These first two are the most common types of societies used by foreign investors in Mexico, but there are others that are worth examining and discussing with your lawyer.
Sociedad Civil (S.C.) – This is a standard partnership and is regulated under different legislation than the rest of the societies I mention here. Typically this type of partnership is used more for law firms, accountants offices or medical clinics, where the partnership is dependent on the contribution of a skill or proffessional service of the partner more than his or her monetary contribution. This doesn´t mean that there is no monetary contribution, but its along the lines that you cannot have a law-firm without lawyers or a doctors office without doctors.
Sociedad en Comandita – These are interesting, I have talked to notaries who have said that they have never created one of these corporations, but I imagine somebody still uses them. It is likened most to a silent partnership, their are at least two partners and they have different roles in the partnership: one is the silent partner and one is the working partner. The silent partner or partners provide the working capital and step aside, then the working partner or partners perform the day-to-day tasks of the company. Be careful with this corporation, the working partner is financially liable for the corporation´s losses, while the silent partner is only responsible for his original contribution to the company. The name of this company must be a combination of the working partner´s names and words like “and company”, “y associados”, etc.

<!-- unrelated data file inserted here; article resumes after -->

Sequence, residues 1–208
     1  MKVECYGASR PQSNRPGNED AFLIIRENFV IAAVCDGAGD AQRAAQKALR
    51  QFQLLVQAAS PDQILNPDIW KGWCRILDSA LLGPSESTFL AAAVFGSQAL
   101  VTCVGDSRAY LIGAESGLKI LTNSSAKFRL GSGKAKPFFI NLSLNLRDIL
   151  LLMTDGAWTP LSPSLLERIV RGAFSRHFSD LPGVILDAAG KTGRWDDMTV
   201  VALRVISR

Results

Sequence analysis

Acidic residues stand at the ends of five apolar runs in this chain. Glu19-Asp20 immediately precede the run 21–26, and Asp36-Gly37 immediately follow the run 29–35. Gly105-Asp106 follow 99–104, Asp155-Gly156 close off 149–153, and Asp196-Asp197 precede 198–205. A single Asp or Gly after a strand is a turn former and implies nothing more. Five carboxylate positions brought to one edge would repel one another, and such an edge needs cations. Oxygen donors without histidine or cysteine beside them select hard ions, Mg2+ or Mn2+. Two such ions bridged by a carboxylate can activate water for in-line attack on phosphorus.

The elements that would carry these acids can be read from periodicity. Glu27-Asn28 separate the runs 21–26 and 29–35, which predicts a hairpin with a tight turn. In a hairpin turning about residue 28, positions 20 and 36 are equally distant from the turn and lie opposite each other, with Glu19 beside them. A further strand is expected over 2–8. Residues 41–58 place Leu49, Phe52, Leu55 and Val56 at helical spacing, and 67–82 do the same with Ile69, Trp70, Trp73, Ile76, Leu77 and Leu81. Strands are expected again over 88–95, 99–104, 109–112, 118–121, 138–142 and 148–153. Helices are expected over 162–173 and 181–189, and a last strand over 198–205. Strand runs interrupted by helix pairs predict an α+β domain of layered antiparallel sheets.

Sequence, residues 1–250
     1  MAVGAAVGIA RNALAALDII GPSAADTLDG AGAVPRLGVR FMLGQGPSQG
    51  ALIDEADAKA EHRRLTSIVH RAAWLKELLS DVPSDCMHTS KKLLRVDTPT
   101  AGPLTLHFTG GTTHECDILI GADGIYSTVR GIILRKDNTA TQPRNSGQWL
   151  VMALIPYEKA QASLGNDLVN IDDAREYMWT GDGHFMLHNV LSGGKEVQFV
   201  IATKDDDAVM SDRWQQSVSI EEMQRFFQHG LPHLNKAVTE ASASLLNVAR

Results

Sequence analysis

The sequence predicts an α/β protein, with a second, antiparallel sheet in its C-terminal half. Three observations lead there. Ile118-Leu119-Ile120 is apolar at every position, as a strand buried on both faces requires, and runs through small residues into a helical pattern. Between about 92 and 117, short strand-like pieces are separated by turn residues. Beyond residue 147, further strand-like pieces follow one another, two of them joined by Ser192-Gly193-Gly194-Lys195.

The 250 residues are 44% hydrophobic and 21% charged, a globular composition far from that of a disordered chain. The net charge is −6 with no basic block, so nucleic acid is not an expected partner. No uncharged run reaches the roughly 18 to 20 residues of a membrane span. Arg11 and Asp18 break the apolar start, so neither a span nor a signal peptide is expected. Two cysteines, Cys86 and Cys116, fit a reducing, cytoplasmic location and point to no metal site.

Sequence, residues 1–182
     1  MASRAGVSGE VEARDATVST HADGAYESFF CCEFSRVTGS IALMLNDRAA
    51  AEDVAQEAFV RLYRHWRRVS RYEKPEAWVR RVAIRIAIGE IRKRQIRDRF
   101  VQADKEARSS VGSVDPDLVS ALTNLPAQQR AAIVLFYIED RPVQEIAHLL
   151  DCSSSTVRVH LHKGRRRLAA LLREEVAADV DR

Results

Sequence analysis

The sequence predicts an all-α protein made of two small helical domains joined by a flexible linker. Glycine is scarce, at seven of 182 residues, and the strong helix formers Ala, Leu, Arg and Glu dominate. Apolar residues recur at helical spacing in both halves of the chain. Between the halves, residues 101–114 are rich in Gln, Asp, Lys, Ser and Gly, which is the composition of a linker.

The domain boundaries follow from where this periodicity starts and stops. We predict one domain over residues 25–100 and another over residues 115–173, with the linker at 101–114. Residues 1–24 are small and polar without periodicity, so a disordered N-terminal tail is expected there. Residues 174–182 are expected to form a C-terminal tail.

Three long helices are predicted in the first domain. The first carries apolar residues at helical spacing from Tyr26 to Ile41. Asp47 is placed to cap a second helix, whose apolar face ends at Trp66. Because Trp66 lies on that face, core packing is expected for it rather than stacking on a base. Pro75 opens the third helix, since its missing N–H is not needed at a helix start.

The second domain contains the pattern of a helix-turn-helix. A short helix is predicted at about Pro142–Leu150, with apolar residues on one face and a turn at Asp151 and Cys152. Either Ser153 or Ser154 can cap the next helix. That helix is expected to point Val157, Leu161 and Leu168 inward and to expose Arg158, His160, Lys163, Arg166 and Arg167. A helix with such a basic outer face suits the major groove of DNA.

Sociedad en Nombre Colectivo – This is the oldest type of corporation that exists, its roots springing from Ancient Rome. This corporation is generally useful for family businesses, the partners are responsible for the losses of the company and the partners get a percentage of their return based on their contributions.
Now that you have gotten an idea of what kind of corporation you would like to form, it is time to talk to your attorney. Explain to him your idea. Tell him what kind of corporation you are thinking about opening and see what he thinks about the idea. Remember that if your attorney doesn´t want to share information and provide assistance and advice, you can get another attorney that does.
Your attorney will need a copy of your and your partner´s identifications and migratory documents, as well as a proof of address for the fiscal address of the company (or where the company´s office is).